Saturday, 5 December 2015

Day 5: Winter Scenes by Margaret Bulleyment

I collect and save newspaper clippings and any bits and pieces I find that feature fascinating characters, or situatio
ns that make me think"What if?"

A lot of my stories - 'Winter Scenes' included - come from that. I like my stories to have little twists and the background is often a place Iknow well, or find particularly interesting.

I usually write short stories and have had several published by small presses - 'Wyvern', 'Alfie Dog' etc. However I also enjoy writing short plays and I have had a couple performed professionally in competitions
in small theatres. Having your words come out of an actor's mouth isvery satisfying, especially as you hear the audience's reaction.

My full length chidren's play 'Caribbean Calypso' was published by Trinity College of Music and Drama in 2011, as runner up in their International Playwriting Competition for a play for primary-aged
children. It is based on the Tiger and Anansi stories - althoughcrucially, there are no tigers in the Caribbean.

My writing routine is to write when I can, but I have found that I have to book my writing into my diary, just like everything else, or other things can take over all too easily.

I write in my "playrom" which is bedroom three (my husband has bedroom two) with my clavinova behind me and with cupboards of music and bulging bookcases, on either side. It took two long days to empty the room andthe same to restore it, when we were decorated recently. I face the window which looks out on our front garden and lots of village trees.

The photo is of me aged four telling stories to my "face" mittens - a present from Canadian relatives. It made a change from lining up mytoys, putting a blackboard in front of them and teaching them.

Sadly, I am an unoffical expert on early children's television. I don' tmean 'Muffin the Mule' and 'Andy Pandy' - everyone remembers them, but Lotte Reiniger silhouette films, 'Tales of Magpie Wood' and 'Whirligig.'
Should you ever need anyone who can sing the theme for 'Billy Bean and his Funny Machine', you know whom to contact.

An extract from Winter Scenes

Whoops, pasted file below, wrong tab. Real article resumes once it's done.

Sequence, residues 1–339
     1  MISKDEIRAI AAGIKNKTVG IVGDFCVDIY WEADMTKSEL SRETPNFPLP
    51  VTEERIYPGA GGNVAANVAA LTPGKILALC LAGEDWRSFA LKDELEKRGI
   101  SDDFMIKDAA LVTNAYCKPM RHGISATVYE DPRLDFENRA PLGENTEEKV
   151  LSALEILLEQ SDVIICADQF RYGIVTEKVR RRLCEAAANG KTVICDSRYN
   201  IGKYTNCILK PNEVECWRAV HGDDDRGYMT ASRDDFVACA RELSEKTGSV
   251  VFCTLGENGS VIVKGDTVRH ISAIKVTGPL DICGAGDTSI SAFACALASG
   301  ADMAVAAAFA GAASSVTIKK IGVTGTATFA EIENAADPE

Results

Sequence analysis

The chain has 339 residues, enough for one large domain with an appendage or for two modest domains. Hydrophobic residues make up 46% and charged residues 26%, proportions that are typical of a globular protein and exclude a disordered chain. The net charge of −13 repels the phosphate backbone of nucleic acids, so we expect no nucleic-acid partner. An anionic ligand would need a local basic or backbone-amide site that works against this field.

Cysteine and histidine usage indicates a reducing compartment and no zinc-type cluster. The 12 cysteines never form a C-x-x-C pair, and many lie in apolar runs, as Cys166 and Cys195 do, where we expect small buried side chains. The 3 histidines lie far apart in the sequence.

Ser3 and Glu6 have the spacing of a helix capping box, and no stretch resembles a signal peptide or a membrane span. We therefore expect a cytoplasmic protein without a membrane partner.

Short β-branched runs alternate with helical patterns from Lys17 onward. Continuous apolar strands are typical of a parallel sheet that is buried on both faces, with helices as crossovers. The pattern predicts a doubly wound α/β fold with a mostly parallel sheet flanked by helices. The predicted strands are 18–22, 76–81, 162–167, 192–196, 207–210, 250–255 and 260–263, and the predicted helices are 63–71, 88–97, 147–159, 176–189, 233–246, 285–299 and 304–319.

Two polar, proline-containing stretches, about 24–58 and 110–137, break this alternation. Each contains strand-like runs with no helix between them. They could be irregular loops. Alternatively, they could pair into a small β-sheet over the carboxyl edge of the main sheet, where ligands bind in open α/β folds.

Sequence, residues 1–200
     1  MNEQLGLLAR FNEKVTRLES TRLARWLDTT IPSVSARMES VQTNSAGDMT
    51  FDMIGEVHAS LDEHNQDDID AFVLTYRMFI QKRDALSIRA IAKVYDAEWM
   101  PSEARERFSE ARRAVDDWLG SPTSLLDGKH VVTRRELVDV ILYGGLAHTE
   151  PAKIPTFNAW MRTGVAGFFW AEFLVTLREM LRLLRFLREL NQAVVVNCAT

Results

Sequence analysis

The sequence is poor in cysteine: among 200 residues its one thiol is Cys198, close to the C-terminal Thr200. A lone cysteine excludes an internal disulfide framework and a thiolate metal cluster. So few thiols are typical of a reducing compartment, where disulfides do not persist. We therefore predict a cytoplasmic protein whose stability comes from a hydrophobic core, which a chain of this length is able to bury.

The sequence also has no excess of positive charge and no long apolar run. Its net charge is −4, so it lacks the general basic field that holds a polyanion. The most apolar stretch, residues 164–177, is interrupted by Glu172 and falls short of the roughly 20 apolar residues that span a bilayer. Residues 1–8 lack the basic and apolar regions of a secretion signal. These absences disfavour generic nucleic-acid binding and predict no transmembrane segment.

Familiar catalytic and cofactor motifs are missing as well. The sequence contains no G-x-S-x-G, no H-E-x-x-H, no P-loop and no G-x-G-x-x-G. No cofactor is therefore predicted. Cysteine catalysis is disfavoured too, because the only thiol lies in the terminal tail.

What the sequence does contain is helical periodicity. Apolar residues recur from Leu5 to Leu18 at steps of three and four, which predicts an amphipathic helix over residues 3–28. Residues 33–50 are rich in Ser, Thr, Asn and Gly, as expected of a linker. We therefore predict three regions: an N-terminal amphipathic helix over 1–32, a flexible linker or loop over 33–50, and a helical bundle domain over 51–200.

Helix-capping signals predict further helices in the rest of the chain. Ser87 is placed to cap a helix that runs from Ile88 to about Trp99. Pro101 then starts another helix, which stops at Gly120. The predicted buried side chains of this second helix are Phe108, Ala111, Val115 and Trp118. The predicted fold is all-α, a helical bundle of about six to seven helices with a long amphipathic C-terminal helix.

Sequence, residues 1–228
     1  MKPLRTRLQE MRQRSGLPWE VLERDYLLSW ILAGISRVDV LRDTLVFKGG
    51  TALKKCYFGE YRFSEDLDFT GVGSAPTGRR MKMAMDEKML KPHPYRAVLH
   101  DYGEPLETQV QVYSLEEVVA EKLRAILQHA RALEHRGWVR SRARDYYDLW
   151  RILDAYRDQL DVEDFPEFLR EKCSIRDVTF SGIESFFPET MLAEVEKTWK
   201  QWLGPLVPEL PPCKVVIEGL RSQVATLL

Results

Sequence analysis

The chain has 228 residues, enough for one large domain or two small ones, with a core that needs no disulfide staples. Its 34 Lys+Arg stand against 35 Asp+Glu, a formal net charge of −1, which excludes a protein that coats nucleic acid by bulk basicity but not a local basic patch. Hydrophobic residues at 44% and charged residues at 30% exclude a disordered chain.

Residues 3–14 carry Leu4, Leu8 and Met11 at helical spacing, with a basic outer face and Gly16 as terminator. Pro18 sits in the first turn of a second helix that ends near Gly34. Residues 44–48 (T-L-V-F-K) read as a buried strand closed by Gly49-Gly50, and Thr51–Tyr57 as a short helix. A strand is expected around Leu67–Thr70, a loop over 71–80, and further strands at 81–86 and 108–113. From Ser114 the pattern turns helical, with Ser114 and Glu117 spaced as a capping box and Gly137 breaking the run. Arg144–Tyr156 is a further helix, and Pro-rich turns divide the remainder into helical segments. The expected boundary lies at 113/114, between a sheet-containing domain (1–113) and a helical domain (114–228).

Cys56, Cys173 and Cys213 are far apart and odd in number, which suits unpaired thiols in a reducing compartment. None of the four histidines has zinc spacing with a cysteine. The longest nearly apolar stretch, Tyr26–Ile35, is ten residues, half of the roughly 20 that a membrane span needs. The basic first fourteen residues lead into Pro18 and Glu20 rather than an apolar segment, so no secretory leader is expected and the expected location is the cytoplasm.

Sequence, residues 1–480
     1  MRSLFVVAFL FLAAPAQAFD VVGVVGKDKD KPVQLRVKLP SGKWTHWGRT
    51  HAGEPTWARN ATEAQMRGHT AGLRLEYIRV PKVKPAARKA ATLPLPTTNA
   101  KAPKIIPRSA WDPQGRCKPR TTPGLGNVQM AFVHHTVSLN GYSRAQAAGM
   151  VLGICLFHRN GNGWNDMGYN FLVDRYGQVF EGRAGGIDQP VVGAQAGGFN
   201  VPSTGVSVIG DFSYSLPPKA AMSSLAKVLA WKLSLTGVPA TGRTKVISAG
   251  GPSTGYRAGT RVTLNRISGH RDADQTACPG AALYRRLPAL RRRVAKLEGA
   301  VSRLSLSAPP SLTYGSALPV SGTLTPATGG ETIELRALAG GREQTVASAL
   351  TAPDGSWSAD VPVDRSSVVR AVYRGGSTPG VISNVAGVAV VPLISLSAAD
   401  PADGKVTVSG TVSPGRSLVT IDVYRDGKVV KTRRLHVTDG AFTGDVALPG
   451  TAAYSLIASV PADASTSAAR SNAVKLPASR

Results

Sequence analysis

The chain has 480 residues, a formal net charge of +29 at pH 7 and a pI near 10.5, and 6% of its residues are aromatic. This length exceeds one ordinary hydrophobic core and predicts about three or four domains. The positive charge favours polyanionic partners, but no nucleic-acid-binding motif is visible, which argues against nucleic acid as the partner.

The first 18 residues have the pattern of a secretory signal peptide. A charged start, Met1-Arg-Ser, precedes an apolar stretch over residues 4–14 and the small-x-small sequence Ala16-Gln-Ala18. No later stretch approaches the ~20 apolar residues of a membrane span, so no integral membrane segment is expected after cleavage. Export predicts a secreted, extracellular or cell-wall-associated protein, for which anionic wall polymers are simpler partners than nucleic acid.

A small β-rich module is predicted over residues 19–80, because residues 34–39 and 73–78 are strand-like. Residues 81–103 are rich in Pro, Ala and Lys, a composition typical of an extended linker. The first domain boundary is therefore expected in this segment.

Today, there’s ten of them. But which one is it? Boho cardigan middle-aged lady? Pixie boot student? Leather jacket guy? Who is it and what am I going to do, when I find out?

   Winter Mystery Tour Lady
   c/o Ashmolean Museum
   Beaumont St
   Oxford OX1 2PH

   Thursday Nov 6

   Dear ‘Miss Snowflake’? (Sarah? Susan? Sorry, I did not quite catch your name, but I know it began with an ‘S.’)
   I wanted to let you know how much I enjoyed your Mystery Art Tour yesterday. It was fun just showing up and not knowing what the theme was, never mind what I was actually going to see. And what gems those Konstantin Korovin (spelling?) paintings are!!!!! I‘d never heard of him and just thought that Impressionists were French, painting in all that light and sun, down south. Who would have thought that Russian winter scenes were in the same movement?
    What a great idea to show people hidden corners of the galleries, rather than just the most famous stuff and I bet you enjoy it more than giving yet another talk on Ucello, or the Alfred Jewel.
    Keep up the good work.
   Winter Tour Lover

That was the first time anyone had written to thank me for a tour. A proper letter even, written by someone who sounded as though they had a good sense of humour. I found it in my pigeonhole, along with all the usual mundane missives and email printouts and it made my day. I took it home and showed it to Mum, like a toddler with her first finger painting.
“Winter Tour Lover is quite right,” she said, when she had finished reading it. “After all, the tours were your idea and they’ve been very successful. And it’s to John Stevens’s credit, that he has so much faith in his younger members of staff, that he follows up their ideas.”
The Head of the Education Department just happens to be a friend of Mum’s, but I like to think I got my position on my own merits. I can at least copy the letter so he sees it and perhaps, we can use the beginning of the second paragraph, in our publicity shots.

   Thursday Nov 13

     Dear Sarah, (I listened harder this time)
   Another enjoyable Winter Tour, yesterday. Yes, I know I could have done a different tour on another day, with someone else, but I wanted to hear you again and catch the bits I missed last week.
    It was good that parts of it were different this time – you obviously don’t just repeat yourself parrot-fashion. The fact that the paintings are some of your own favourites, came over very well. It was interesting that someone who sounds so British, was born in California and I loved the description of you aged five in this country, seeing snow for the first time and trying to eat it. That must be why you like winter scenes so much. I do too.
    Our friend Korovin, would have taken snow for granted where he came from, although the little figures all by themselves in the middle of his paintings, look like they’re struggling a bit. When it snows in Russia, it really snows – not so much snow games, more like survival games.
   Best Wishes
   Winter Tour Lover

About the Author

Margaret Bulleyment began writing fiction after a long career in comparative education.
This encompassed an international school in Stockholm; an American High School on a NATO base and teaching Music, English and Expressive Arts; with diversions to the former Czechoslovakia and a children’s opera workshop in Canada.
She has had short stories published in anthologies, including CafĂ© Lit, and on story websites; her children’s play Caribbean Calypso was runner-up in Trinity College of Music and Drama’s 2011 International Playwriting Competition and she has twice had short plays performed professionally, as a finalist in the Ovation Theatre Awards


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